Hertfordshire County Council is owed a staggering £60m in overdue payments it has been revealed

Scale of debts owed is highlighted to councillors ahead of estimated £13.4m overspend
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Hertfordshire County Council is owed a staggering £60m in overdue payments it has been revealed.

As the county council faces an estimated £13.4m overspend in 2023/24, latest budget data shows it is owed the eye-watering amount in overdue payments.

And now Liberal Democrat Cllr Tim Williams has suggested there should be ‘a bit more focus’ on collecting those debts that are three months or more overdue.

Money stock image. Photo: Adobe StockMoney stock image. Photo: Adobe Stock
Money stock image. Photo: Adobe Stock

Cllr Williams made the remarks at a meeting of the council’s resources and performance cabinet panel, on Friday (December 1).

At that meeting data was presented that showed that at the end of September the council was owed a total of £90.5m, which is £7.2m higher than three months earlier.

Of that, £31.7m is not yet overdue – and £10.8m is overdue by less than a month.

However £42.5m is overdue by three months or longer – and of that £28.6m has been outstanding for at least nine months.

Cllr Williams said he found the council’s debt position ‘very high’.

And he said: “This £42.5m debt owed that is over three months past its due date, I just feel there should be a bit more focus and attention with getting this £42m in to address the £3m deficit.”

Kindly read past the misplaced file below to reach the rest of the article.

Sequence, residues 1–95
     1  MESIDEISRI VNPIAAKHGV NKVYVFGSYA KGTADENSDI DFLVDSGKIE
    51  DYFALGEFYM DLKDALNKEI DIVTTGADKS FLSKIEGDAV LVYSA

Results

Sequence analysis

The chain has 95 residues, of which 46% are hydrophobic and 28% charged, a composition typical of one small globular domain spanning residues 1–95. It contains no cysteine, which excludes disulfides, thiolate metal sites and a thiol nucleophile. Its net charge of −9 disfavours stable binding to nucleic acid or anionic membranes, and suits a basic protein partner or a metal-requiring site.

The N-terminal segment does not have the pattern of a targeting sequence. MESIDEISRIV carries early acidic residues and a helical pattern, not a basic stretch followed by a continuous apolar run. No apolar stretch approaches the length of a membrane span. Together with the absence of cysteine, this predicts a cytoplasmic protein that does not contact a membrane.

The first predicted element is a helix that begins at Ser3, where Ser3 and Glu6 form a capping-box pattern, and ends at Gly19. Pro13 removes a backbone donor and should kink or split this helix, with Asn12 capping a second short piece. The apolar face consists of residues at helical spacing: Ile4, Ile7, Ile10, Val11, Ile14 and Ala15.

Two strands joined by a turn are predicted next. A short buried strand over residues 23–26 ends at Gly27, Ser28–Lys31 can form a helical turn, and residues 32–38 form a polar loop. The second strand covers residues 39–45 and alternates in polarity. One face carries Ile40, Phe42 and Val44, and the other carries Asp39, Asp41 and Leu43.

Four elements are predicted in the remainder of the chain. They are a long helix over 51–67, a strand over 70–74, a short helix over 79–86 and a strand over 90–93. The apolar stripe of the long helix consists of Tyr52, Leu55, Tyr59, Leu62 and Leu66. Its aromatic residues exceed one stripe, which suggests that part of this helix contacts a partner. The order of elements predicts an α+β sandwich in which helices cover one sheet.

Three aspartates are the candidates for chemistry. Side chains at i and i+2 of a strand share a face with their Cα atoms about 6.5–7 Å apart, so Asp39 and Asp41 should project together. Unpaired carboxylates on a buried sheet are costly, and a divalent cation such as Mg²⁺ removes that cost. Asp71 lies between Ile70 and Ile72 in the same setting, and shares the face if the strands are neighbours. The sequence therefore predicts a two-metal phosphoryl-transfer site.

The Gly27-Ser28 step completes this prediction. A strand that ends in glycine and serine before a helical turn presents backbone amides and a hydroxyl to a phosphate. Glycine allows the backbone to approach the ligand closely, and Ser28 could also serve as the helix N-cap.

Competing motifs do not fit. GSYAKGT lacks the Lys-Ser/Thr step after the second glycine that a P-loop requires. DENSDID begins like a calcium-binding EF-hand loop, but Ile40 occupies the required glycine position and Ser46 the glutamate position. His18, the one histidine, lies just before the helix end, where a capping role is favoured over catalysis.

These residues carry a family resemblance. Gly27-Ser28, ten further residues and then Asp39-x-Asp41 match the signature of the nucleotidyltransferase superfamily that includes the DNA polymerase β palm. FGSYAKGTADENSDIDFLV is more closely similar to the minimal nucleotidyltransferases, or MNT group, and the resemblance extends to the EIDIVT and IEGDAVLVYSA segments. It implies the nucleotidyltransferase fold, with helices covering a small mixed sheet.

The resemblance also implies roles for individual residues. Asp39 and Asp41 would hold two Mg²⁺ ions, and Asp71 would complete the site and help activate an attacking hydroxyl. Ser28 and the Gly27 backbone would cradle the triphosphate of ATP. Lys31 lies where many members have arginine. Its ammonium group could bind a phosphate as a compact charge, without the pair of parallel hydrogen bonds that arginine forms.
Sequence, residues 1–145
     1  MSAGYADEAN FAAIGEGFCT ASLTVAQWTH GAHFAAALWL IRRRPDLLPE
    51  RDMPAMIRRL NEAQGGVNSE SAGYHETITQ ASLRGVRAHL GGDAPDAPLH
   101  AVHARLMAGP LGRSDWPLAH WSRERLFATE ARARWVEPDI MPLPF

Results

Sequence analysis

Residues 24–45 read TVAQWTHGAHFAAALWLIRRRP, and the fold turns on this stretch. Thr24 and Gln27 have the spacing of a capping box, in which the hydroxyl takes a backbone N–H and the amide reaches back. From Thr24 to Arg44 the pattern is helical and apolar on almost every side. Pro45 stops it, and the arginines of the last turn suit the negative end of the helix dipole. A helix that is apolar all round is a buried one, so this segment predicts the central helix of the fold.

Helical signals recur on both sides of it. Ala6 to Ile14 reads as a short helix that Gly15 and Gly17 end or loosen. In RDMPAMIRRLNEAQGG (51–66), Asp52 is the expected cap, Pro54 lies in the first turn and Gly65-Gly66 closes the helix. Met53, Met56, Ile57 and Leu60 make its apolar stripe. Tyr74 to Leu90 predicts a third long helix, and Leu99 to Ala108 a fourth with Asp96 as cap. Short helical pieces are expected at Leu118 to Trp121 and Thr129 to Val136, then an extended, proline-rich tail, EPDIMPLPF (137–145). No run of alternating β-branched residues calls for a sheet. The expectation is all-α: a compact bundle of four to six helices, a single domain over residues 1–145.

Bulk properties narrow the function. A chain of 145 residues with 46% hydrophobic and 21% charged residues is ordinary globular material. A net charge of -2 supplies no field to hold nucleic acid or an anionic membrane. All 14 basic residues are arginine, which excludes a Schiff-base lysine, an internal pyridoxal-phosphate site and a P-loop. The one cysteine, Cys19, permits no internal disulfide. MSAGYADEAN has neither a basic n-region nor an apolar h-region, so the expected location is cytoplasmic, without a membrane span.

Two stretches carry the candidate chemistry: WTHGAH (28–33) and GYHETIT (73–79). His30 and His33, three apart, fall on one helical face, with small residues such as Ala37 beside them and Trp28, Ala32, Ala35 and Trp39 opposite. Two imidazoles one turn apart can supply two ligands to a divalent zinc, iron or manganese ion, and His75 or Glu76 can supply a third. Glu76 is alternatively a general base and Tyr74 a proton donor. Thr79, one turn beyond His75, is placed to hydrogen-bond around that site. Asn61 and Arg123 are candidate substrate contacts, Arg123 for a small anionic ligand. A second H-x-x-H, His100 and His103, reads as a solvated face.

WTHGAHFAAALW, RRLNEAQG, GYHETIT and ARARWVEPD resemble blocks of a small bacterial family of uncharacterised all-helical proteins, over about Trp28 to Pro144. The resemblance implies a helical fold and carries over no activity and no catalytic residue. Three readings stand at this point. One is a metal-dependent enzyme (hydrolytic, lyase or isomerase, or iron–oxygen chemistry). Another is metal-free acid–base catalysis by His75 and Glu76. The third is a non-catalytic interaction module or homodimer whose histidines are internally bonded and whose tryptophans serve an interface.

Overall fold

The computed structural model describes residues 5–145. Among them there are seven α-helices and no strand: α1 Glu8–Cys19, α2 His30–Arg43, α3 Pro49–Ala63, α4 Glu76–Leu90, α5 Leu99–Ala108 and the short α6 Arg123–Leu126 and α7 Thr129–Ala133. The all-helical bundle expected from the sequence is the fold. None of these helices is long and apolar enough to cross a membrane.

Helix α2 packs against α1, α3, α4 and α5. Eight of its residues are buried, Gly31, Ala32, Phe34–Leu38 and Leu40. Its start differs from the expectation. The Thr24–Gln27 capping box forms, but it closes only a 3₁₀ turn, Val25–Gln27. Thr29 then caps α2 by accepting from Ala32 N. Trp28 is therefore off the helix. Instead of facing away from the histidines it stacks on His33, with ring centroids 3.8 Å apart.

Cllr Williams suggested that if collected it could reducing borrowing costs for the council or increase investment opportunities.

And he said: “I think there is a lot of money there which could actually have a great impact to the council.”

In response, head of corporate finance Scott Walker said he agreed that the council’s debt position was ‘high’. And he indicated that it was coming under greater focus.

Detailing the ‘debt position’ he suggested that around 40 per cent was associated with the council’s ‘health partners’.

And he said the council was beginning to work with more effectively by using payment portals that would ‘bring that debt in much quicker’.

He suggested another 40 per cent related to the council’s ‘social care clients’.

And he acknowledged that this could be a ‘complex and tricky’ debt to collect.

This was also acknowledged by executive member for resources and performance Cllr Bob Deering.

“Quite a significant bit of the debt arises in adult care, where we have statutory obligations,” he said.

“And then, of course, there can be very delicate issues when it comes to recovering the debt.

“But nevertheless officers are very alive to it – and they are certainly working on it.”

Latest data – based on figures from the end of September – suggests that the council is heading for a £13.4m overspend by the end of the 23/24 financial year.

The budget already includes a £10m contingency – leaving a projected budget gap of £3.4m. Overall the council’s annual revenue budget for 23/24 was set at £1.07bn.